It was April 2020. The virus had already killed 50,000 Americans, a number that has since grown to more than 200,000. And scientists were scrambling to find a safe and effective treatment — a search that continues to this day.
[Dominique] Fradin-Read is a prominent figure in the wellness community. She owns the medical practice VitaLifeMD in Los Angeles and helped formulate the “Madame Ovary” supplement for actor Gwyneth Paltrow’s brand Goop.
[Editor’s note: Many experts, doctors and scientists say the Goop Madame Ovary line promotes quackery and “pseudoscience”.]
This time, on Instagram, Fradin-Read was promoting more than just “wellness.” In the face of a deadly pandemic, she claimed to have an “FDA-approved” medicine that worked like “magic.” Fradin-Read made similar claims on her practice’s Facebook, Twitter and Instagram accounts. If patients followed her advice, including getting regular injections of this drug, she said, “maybe the virus will not be that hard to fight.”
Such claims were, at best, misleading. At worst, the recommendations could put patients’ health at risk. The drug, thymosin alpha-1, has never been approved by the Food and Drug Administration for any condition, nor has it been proven safe or effective for treating COVID-19.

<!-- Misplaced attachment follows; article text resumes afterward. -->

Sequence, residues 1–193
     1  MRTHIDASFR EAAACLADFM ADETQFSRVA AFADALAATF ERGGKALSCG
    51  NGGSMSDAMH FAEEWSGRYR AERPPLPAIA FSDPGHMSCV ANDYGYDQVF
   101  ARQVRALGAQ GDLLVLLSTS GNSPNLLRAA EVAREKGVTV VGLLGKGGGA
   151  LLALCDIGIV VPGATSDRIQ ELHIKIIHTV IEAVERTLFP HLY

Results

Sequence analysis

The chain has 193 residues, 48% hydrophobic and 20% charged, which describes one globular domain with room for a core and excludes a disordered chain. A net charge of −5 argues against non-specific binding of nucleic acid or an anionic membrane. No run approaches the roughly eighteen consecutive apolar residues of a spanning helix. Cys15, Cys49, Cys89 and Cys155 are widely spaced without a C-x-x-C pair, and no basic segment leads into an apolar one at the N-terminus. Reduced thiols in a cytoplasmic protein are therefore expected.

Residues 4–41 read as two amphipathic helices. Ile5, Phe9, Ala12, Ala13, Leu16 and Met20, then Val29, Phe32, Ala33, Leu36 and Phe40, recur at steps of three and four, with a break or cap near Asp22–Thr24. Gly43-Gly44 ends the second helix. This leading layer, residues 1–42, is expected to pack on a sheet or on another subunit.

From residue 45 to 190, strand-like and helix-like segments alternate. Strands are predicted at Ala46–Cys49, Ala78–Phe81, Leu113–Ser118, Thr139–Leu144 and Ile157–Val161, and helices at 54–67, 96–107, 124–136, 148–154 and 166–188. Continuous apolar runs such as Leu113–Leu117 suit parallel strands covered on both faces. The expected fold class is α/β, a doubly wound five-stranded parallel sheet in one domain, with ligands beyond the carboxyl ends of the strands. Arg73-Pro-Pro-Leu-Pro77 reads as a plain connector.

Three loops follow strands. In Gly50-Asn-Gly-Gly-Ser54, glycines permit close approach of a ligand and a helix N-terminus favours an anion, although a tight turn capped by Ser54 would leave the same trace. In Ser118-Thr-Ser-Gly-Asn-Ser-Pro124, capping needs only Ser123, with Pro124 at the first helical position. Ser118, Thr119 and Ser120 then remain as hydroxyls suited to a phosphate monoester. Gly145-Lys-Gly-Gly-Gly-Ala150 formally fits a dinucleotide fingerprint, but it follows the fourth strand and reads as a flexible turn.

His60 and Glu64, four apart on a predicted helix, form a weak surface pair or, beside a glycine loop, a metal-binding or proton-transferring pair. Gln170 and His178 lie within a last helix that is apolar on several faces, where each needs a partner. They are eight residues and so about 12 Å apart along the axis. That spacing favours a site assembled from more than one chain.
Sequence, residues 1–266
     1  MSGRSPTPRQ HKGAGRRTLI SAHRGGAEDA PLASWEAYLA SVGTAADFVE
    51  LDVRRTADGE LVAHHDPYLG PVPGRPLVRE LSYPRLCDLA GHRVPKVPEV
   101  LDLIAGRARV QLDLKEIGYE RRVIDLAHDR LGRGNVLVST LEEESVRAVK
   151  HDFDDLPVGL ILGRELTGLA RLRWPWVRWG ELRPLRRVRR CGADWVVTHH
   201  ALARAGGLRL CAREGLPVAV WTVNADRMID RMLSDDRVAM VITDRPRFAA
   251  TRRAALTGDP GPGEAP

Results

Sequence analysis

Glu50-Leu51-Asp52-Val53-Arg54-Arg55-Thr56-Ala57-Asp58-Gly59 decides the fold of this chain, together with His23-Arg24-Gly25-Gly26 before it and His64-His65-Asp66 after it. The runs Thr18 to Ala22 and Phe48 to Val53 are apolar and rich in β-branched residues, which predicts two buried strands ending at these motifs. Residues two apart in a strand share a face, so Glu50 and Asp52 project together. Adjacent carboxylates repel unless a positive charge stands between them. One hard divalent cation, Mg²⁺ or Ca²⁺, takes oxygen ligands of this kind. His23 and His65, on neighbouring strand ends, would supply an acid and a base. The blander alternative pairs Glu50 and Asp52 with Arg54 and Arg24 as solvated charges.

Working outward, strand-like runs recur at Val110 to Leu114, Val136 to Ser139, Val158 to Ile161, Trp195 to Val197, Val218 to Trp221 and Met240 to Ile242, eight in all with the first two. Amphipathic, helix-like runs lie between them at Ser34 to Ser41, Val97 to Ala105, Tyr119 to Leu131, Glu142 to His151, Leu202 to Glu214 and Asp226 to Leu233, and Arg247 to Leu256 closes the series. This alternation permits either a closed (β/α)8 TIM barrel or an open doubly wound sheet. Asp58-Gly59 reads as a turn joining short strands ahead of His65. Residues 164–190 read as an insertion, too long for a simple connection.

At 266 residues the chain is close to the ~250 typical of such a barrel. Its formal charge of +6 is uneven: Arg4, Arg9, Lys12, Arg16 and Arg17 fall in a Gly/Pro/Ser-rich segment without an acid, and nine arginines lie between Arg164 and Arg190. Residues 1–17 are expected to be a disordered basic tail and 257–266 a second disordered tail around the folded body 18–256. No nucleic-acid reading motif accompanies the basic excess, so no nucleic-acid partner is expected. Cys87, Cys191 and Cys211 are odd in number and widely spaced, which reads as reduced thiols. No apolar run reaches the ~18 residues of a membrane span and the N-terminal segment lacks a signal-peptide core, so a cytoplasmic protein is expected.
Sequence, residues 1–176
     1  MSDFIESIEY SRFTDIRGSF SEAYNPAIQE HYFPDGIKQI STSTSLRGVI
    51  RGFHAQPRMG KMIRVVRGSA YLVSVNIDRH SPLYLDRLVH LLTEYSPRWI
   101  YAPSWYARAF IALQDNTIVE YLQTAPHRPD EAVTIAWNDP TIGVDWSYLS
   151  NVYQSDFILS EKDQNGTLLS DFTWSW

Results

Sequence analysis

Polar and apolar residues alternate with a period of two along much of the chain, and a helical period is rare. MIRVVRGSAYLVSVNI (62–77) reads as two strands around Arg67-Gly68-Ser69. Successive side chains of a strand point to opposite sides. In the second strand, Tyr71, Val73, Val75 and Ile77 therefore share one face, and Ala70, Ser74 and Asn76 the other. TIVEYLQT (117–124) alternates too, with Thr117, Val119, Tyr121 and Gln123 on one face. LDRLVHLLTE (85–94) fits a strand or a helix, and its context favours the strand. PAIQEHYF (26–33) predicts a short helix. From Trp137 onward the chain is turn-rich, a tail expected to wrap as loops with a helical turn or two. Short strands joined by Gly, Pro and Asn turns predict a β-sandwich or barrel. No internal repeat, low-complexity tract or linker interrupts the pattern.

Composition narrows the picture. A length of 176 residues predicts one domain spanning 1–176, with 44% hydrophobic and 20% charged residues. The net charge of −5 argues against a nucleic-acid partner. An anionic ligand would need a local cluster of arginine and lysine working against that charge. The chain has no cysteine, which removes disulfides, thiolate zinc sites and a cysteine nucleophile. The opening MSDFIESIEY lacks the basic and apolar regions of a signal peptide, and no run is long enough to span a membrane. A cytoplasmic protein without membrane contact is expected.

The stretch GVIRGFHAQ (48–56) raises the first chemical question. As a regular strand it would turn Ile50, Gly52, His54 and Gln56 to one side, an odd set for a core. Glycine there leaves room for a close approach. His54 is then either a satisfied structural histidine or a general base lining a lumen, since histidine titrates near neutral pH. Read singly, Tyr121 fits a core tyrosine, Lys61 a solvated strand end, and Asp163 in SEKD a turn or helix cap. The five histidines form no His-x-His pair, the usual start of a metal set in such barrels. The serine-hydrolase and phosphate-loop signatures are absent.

An NPR investigation has found that Fradin-Read’s practice is one of more than 30 medical practices and compounding pharmacies across more than a dozen states that have made unproven claims about this drug on their websites and on social media. It remains unclear how many Americans may have taken the drug since the pandemic began, though one doctor told NPR that she had prescribed it to more than 100 patients. The cost of the drug can run up to $400 for a month’s supply — all out of pocket.
Experts said misleading claims about drugs like thymosin alpha-1 proliferate not just because there’s a motive to make a profit, but also because the consequences for breaking the law are often low.
The U.S. Food and Drug Administration has warned that compounding pharmacies, while an important part of the health care system, can present serious risks to American consumers.